The Internet happened. It undermined the print model. Media impetus, even at established outlets, shifted. One could deploy all manner of buzzwords and euphemisms. Bluntly, it’s “getting people to click on stuff.”
Headlines (or their social media proxies), the bait for the click, have received greater emphasis. Outlets have precise data about how users react to them. It’s how readers and search engines find a website. Optimizing headlines isn’t everything. In a very real sense, it has become the only thing. Crafting them has become a job unto itself. This has real, startling implications for media coverage.
Humans are attracted to conflict and confrontation. The most exciting, sexiest, or inflammatory tidbit will be the lede and the headline. The media covered a heated, back-and-forth Democratic Primary for months, when the inevitable outcome was clear to all but the most intractable Bernie-ites.
A dangerous problem is seeing the optimal headline beforehand. That can incline outlets to contort facts to meet it, to (consciously or unconsciously) seek information that confirms it, or, while meeting a bare accuracy threshold, slyly mislead the reader into thinking something occurred.
Last week, a story sold that Michigan was the “betting favorite” to win the national title.
ESPN ran a story about Michigan last week. Links and social media sold it as Michigan being the “betting favorite” to win the national title. “Betting” could be interpreted multiple ways.
One interpretation, the more common, was that Michigan was the oddsmakers’ favorite to win the national title. That would have been bizarre and unexpected. It would have changed the paradigm. It would have incited discussion and debate. It would have attracted many clicks. It would have been a great story. It wasn’t the story.
Michigan, as noted by David Purdum in the actual story, was the top public bet. The Wolverines received the most bets to win the national title. Michigan is one of the most popular teams in the nation. They may be the most hyped team entering the season. They have not been this good in a while. They were among the favorites. It would be more surprising if Michigan was not being bet on heavily by folks throwing away money on futures bets in July.
Clay Travis pointed out the flaws in ESPN’s pushing for the Michael Jordan story in the Undefeated. We don’t quite buy Travis’ contention ESPN is a liberal propaganda machine. But, we do buy ESPN being a self-interested journalistic entity. The same dynamic happened here.
Michael Jordan has star power. He is one of the most visible, successful, accessible black figures in mainstream society. He has tremendous potential influence. People have wanted him to take an active political role for decades. When not performing duties with the Bobcats, he has steadfastly spent the time building an immense brand and fortune, playing golf, and making interesting fashion choices.
The current turmoil at last rousing Michael Jordan to make a political stand would have been a fantastic story. ESPN primes readers for that fantastic story with the title “I can no longer stay silent.” The problem is Jordan didn’t do that.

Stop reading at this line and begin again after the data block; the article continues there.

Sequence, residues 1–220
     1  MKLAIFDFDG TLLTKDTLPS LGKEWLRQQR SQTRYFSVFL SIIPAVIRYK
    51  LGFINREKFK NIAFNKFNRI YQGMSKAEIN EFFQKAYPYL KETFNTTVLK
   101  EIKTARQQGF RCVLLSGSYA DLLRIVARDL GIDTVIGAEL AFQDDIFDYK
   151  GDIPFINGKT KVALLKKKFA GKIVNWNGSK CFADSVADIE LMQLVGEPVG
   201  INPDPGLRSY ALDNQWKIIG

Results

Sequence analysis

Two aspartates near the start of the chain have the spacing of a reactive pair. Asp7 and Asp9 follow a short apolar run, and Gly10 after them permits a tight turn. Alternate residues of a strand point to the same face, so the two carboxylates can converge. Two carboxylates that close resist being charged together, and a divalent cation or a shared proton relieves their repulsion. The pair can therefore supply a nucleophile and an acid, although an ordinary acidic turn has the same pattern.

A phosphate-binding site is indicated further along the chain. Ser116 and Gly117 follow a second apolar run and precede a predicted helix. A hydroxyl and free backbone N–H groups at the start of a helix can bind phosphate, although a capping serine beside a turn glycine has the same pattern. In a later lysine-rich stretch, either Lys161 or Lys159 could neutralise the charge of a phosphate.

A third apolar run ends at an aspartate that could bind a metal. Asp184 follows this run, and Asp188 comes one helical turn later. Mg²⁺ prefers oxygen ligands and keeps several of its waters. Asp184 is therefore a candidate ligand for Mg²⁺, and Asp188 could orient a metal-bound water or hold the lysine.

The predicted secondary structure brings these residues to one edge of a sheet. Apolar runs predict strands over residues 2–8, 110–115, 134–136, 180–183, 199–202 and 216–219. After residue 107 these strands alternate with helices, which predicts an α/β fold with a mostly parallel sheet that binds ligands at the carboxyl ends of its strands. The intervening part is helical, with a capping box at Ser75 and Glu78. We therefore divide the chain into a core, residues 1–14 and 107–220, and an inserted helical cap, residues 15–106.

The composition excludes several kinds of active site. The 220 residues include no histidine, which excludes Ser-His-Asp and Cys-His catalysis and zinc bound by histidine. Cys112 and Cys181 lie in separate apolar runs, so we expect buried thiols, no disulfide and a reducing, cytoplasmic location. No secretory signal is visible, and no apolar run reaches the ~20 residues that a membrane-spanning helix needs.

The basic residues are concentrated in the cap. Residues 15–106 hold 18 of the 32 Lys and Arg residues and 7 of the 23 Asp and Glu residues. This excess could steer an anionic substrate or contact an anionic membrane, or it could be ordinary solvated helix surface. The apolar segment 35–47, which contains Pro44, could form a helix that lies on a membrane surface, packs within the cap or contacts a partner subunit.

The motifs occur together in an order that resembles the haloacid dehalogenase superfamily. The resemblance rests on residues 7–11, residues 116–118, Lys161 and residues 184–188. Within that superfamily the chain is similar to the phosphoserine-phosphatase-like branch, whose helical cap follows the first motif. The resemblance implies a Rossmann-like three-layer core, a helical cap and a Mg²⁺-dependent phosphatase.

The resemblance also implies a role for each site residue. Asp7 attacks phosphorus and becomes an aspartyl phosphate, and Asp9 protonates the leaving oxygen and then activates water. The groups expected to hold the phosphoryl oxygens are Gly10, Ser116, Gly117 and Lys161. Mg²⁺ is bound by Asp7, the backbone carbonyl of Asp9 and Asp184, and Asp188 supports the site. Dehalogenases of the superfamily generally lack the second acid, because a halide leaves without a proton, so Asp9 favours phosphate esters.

He came out against violence. He cut right down the middle of “Black Lives Matter” vs. “Blue Lives Matter.” He donated $2 million to moderate groups on both sides. Jordan’s act was commendable. It was also as apolitical and unlikely to offend as the rest of his public life has been. The text was accurate. The salesmanship misled readers.
This is far from just an ESPN problem or a sports problem. Far more dangerous is when this headline tweaking moves to things that actually matter. Yesterday afternoon, the New York Times ran with “Bernie Sanders Booed In Philadelphia.” Other outlets ran similar vague headlines often under the “Democratic Convention” tag.
Conventions are interesting when there’s conflict. Fracas and discord on the floor of the Democratic Convention is great for political media. The biggest story that could have happened was a revolt on the floor when Bernie Sanders endorsed Hillary Clinton.
Bernie Sanders was booed. He was booed in Philadelphia. But, the most reasonable interpretation of “Bernie Sanders Booed in Philadelphia” under a “Democratic Convention 2016” header is that Sanders was booed during his speech at the convention in Philadelphia.
He was booed, but at a smaller event with his supporters. His speech at the convention did not happen until around 11:00 pm that evening.
Journalism’s function in a democracy is to create an informed public. Headlines (or de facto headlines in social media), in today’s journalism world, are the first and often the only things people read. They have a disproportionate impact on how the public gets informed.
Some level of cynicism and salesmanship has always been present. It is part of the trade. Outlets need to generate revenue. Journalists need to eat. Headlines must attract people to click on them. But, we can set a slightly higher bar than “technically accurate if called upon to defend it.”
Getting to the truth in graph three or four of the text does not absolve what has become increasingly blatant deception.